More important than the title, apparently.
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STUDIO: Le Chat qui Fume
RUNNING TIME: 80 minutes
• Featurette on director Jean-Marie Pallardy
• Photos from Pallardy’s collection
“It’s like if Hitchcock just came out and admitted he liked boobs! Also if he thought Godard was the bee’s knees!”
Evelyne Scott. Angela Hansen.
A perverted old man needs to get married. But wait! He’s not just perverted, he’s also loaded, and therefore attracts the attention of every marriageable young women, including Evelyne. Silly Evelyne seems to forget that she’s involved in a steamy lesbian relationship with an unfortunate co-dependent personality. Now, Evelyne must make her choice, a choice between happiness and a crazy chick who wears bullets for belts.
My wife interjects: “Do not have sex with anyone who mixes those purples.”
How the hell does one review erotica? I’ve tried a couple of times in the past, notably on two other Jean-Marie Pallardy features. Not a lot of critical thought went into those, let me tell you. Years back, I also wrote up a softcore mummy story, and pissed off the director because I didn’t give it the respect it deserved.
(For reference, my favorite part of that particular flick was in the commentary track, when the director said something along the lines of: “It had been awhile since we showed tits, so I told the actress to go topless in this scene.”)
With My Body Burns, I don’t think I can quite take the aloof, ironic angle, because it’s honestly trying to do something a bit more than titillate. A plot holds the thing together, which came as a surprise. Enough of one that I might be tempted to call this thing an “erotic thriller,” and thus feel a bit less guilty about having watched it after work while my pregnant wife did the dishes in the next room.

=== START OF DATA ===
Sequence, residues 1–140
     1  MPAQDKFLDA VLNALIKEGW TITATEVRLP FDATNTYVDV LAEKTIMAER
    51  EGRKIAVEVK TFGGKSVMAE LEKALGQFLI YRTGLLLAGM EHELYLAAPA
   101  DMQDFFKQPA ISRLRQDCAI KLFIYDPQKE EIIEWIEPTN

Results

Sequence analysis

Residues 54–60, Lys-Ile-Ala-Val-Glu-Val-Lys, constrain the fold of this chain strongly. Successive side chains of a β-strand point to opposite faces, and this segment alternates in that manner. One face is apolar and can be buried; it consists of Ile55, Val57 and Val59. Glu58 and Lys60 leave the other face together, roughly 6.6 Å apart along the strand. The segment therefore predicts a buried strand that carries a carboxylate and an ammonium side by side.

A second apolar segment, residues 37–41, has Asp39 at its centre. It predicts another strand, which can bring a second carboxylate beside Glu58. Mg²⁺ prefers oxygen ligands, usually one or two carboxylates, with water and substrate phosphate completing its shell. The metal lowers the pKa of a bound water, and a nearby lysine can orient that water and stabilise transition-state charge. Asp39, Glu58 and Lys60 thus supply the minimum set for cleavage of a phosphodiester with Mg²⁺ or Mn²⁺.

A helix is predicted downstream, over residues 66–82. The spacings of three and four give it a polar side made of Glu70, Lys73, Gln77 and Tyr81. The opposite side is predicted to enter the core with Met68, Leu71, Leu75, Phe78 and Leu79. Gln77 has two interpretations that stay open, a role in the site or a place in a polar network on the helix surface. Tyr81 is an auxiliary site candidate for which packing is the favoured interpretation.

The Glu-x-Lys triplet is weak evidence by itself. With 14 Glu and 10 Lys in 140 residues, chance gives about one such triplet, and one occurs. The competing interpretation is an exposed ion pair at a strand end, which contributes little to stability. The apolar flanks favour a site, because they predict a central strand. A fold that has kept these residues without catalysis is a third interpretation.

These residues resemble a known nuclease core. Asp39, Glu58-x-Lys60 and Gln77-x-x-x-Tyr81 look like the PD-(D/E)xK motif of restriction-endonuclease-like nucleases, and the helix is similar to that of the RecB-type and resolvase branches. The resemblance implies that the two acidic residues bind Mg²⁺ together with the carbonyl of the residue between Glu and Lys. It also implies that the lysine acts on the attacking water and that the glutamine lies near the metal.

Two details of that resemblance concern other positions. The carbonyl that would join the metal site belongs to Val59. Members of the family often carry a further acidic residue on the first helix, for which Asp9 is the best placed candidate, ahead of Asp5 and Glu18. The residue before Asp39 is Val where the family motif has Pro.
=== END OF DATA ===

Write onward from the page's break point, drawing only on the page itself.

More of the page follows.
That kinda makes me wish My Body Burns was worth it. I feel as though I ought to consider this thing as exactly what it set out to be: low-budget, ripped-from-the-headlines crime steeped in sexual politics. I… I just can’t. For one thing, instead of the original language dialogue, the disc is stuck on crappy dubbed English, which makes a hash of both pacing and character interaction.
For another thing, shit like this happens:
For when running across a beach just doesn’t produce enough jiggling.
I pick on erotica as much as possible, at least around here, because I’m half-heartedly convinced it has no critical value, and I don’t have the curiosity to investigate enough to convince myself further. That’s not to say I don’t appreciate the stuff, in my own private way.
Private until I can figure out this webcam, anyway.
That said, the analytical portion of my mind is at least partly fascinated by erotica (and pornography) as a social force. That a story like My Body Burns could ever be considered controversial makes me feel like a newborn. By the time I, uh, “blossomed” the Internet had come to town. A little creative age verification set me up so that I was exposed both to images of nudity and concepts of promiscuous sexuality at a young age. Homosexuality, sex as a commodity, bondage — these things didn’t even get the chance to shock me, since I was at such a pliable age when I first encountered them.
Hell, you’d shave off your sideburns too, if it meant sweet French bosom.
“Sexual revolution” means next-to-nothing to me, aside from representing a historical artifact. All these gives me an abstract view of what porn does. Not what you do with porn, but what that facet of free expression does to the world. I admire envelope-pushers, and see their work as not so much leading the way as stretching the elasticity of what is acceptable and respectable.
That’s the extent of the tenuous connection I’ve managed to form to the context of My Body Burns. It’s a curiosity, a remnant of a time when the subject material here might be considered exploitative and provocative rather than dramatic or deeply human. These days, it’s hard to see it as anything more than a poorly-translated, New Wave-aping story about a tragic love triangle. I honestly wish I could see it in a different light, or maybe a different time.
“Get back here, Ellison! Quit being mean and naked!“
The very same supplementary material provided on the other Classics of French Erotica discs, including an hour-long featurette on Pallardy, a number of photograph’s from Pallardy’s personal collection, and trailers.